A main Syrian opposition group says it will respect a two-week truce that is due to start in the war-torn country Saturday morning, but it warned the government and Russia not to target it under a pretense of attacking internationally recognized terror groups like ISIS.
The proposed “cessation of hostilities,” announced jointly earlier this week by Russia and the United States, is scheduled to go into effect at midnight Friday in Damascus (5 p.m ET).
The parties in Syria’s five-year civil war had until noon Friday (5 a.m. ET) to declare themselves in or out.
The rebel High Negotiations Committee said Friday that 97 factions agreed to abide by the deal, but it warned the Syrian regime and one of its major foreign supporters, Russia, not to attack the factions under a pretense of targeting internationally recognized terror groups in the region, such as ISIS and the al Qaeda-linked al-Nusra Front.
“It should not be possible for the regime and its allies to exploit the … truce by continuing hostilities against moderate opposition factions under the excuse of fighting terrorism,” the panel said in a published statement Friday.
The two-week truce does not apply to “terrorist organizations designated by the U.N. Security Council,” including ISIS and al-Nusra. Military operations against them are expected to continue.
This is an important detail because there are more than 160 armed factions on the battlefield.
Meanwhile, United Nations Special Envoy to Syria Staffan De Mistura said Friday he planned to resume the intra-Syrian peace talks on Monday, assuming the cessation of hostilities holds. Included will be representatives of the Syrian government and opposition groups, he said.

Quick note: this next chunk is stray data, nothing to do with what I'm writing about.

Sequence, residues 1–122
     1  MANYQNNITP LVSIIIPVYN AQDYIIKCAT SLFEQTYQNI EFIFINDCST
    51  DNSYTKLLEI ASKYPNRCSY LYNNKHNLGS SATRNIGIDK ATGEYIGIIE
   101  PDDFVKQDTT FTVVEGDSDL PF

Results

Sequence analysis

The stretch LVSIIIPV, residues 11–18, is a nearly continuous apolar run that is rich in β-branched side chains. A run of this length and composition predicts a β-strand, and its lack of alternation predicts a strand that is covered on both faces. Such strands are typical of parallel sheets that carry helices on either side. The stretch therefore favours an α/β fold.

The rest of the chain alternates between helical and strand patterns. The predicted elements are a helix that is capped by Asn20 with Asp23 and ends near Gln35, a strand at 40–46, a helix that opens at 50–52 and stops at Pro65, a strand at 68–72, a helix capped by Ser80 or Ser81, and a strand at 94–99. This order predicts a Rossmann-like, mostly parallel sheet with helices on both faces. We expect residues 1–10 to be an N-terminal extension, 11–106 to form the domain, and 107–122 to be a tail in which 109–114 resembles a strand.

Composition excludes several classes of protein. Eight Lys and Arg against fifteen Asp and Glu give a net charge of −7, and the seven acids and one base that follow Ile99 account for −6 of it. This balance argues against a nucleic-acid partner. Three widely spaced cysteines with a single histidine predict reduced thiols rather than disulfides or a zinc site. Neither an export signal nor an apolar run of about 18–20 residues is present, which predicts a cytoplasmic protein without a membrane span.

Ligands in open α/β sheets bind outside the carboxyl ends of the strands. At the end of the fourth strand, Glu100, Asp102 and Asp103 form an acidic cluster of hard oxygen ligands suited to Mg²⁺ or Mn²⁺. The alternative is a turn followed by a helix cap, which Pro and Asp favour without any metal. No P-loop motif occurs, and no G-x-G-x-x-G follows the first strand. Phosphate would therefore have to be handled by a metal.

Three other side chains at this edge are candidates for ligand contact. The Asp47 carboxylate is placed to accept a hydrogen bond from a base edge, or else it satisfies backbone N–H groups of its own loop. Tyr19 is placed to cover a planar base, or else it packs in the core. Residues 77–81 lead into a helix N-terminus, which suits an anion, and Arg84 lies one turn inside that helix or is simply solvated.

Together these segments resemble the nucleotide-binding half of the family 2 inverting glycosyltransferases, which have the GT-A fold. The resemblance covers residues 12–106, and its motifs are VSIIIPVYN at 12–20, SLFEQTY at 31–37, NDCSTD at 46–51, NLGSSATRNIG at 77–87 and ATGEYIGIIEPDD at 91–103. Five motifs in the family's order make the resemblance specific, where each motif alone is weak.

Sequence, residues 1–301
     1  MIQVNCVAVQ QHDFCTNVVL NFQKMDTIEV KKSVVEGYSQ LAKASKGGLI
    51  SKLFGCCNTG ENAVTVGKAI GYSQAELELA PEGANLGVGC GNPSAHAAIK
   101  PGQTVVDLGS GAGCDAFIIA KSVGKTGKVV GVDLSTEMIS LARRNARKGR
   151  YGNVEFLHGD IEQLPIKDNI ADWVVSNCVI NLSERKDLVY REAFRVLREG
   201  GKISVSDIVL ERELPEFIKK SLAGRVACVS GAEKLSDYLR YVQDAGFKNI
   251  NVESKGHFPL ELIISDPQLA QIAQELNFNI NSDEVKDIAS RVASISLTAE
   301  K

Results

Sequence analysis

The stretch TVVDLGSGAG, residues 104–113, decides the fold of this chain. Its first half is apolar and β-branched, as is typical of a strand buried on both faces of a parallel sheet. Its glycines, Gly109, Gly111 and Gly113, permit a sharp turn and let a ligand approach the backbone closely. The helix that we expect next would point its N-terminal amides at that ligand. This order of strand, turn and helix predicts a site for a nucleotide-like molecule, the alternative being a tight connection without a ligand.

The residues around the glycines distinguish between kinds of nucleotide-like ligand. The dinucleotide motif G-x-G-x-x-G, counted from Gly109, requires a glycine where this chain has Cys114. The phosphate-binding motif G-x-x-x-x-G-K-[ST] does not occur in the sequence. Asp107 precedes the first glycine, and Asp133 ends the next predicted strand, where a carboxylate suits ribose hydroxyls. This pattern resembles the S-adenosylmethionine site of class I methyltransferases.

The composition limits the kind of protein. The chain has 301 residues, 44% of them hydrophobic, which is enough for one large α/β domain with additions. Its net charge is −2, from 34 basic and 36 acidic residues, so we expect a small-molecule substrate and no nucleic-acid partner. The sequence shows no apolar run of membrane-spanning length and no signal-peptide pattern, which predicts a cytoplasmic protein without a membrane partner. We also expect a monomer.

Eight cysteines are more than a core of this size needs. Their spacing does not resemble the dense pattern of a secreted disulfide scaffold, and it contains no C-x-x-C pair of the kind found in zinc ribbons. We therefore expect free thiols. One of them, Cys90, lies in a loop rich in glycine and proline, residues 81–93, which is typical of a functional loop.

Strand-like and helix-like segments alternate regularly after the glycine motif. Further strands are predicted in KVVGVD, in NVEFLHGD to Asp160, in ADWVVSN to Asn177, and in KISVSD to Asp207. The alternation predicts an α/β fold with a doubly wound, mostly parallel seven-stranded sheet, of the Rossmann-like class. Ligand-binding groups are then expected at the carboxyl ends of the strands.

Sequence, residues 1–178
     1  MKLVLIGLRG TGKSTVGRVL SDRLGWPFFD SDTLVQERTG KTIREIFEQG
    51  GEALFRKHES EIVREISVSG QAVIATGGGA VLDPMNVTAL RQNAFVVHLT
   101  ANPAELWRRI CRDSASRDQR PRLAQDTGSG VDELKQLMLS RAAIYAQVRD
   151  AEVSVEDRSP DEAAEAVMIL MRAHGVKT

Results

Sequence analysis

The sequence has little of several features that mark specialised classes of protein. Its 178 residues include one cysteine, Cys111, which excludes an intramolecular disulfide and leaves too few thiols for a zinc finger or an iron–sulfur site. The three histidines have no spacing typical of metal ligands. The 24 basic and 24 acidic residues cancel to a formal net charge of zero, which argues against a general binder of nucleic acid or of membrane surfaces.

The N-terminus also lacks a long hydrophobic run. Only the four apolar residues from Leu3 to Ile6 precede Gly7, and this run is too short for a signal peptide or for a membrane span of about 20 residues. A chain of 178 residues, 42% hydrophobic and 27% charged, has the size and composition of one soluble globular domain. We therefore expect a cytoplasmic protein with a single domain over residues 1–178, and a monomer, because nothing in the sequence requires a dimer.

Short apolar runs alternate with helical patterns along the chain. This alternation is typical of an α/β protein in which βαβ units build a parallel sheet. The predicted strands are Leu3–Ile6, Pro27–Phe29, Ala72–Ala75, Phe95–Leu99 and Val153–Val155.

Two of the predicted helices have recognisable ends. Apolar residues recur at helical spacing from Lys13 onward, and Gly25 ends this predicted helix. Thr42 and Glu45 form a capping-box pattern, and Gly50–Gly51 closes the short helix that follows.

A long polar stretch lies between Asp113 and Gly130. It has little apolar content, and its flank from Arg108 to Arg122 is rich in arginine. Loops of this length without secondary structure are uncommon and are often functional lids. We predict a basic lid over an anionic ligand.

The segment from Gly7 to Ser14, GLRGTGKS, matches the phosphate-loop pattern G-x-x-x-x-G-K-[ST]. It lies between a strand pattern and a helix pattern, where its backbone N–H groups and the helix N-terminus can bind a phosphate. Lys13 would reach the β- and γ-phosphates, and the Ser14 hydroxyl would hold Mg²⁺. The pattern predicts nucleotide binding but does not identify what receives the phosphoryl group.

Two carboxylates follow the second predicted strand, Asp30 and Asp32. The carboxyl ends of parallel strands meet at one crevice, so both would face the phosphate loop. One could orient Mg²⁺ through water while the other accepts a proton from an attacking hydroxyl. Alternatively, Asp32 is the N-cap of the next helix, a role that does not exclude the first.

The agreement calls for the Syrian regime and the opposition fighters to halt attacks and implement a U.N. “road map” for peace.
Under the terms, Russia, whose warplanes have targeted non-ISIS and non-al Qaeda Syrian opposition groups, will halt those airstrikes.
Both sides agree to allow humanitarian agencies access to the territories they hold, and to refrain from taking territory held by the other side.
The “road map” is U.N. Security Council Resolution 2254, which the council adopted unanimously in December.
As Friday’s deadline approached, regime and Russian airstrikes continued to pound different parts of the country.
On Friday, Russian President Vladimir Putin said the truce would be a difficult and “contradictive” process.
“But there’s no alternative to a peaceful settlement of the conflict,” Putin told a meeting of members of the Russian federal security service, the FSB. “All conditions have to be created for the soonest end of the bloodshed and for an inter-Syrian political dialogue in the future with participation of all constructive political forces.”
Civil war has raged over Syria for five years, since protests during the hopeful days of the Arab Spring were brutally repressed.
More than a quarter of a million people have died so far. Half the country’s population has been uprooted and has fled. People in some Syrian cities are starving. More than a million people entered Europe without the required papers last year — most of them, by far, Syrians. The European Union’s commitment to the free, borderless movement of people is in danger of collapse.